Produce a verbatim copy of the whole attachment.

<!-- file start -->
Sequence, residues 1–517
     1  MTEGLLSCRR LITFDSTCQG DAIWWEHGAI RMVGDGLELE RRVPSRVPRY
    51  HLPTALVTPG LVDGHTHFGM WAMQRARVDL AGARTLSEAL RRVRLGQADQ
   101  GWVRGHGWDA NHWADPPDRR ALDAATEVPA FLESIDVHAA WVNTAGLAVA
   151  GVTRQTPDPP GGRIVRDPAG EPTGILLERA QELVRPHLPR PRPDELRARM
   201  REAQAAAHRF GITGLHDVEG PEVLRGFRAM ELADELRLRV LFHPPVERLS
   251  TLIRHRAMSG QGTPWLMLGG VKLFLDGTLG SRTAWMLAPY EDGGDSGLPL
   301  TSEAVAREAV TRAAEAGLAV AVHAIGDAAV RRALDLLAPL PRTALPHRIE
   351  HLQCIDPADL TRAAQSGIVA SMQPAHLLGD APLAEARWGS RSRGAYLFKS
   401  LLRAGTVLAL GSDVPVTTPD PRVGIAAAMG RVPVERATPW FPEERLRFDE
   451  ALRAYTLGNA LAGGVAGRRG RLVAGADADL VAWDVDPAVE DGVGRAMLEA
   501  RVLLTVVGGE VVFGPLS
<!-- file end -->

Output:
Sequence, residues 1–517
     1  MTEGLLSCRR LITFDSTCQG DAIWWEHGAI RMVGDGLELE RRVPSRVPRY
    51  HLPTALVTPG LVDGHTHFGM WAMQRARVDL AGARTLSEAL RRVRLGQADQ
   101  GWVRGHGWDA NHWADPPDRR ALDAATEVPA FLESIDVHAA WVNTAGLAVA
   151  GVTRQTPDPP GGRIVRDPAG EPTGILLERA QELVRPHLPR PRPDELRARM
   201  REAQAAAHRF GITGLHDVEG PEVLRGFRAM ELADELRLRV LFHPPVERLS
   251  TLIRHRAMSG QGTPWLMLGG VKLFLDGTLG SRTAWMLAPY EDGGDSGLPL
   301  TSEAVAREAV TRAAEAGLAV AVHAIGDAAV RRALDLLAPL PRTALPHRIE
   351  HLQCIDPADL TRAAQSGIVA SMQPAHLLGD APLAEARWGS RSRGAYLFKS
   401  LLRAGTVLAL GSDVPVTTPD PRVGIAAAMG RVPVERATPW FPEERLRFDE
   451  ALRAYTLGNA LAGGVAGRRG RLVAGADADL VAWDVDPAVE DGVGRAMLEA
   501  RVLLTVVGGE VVFGPLS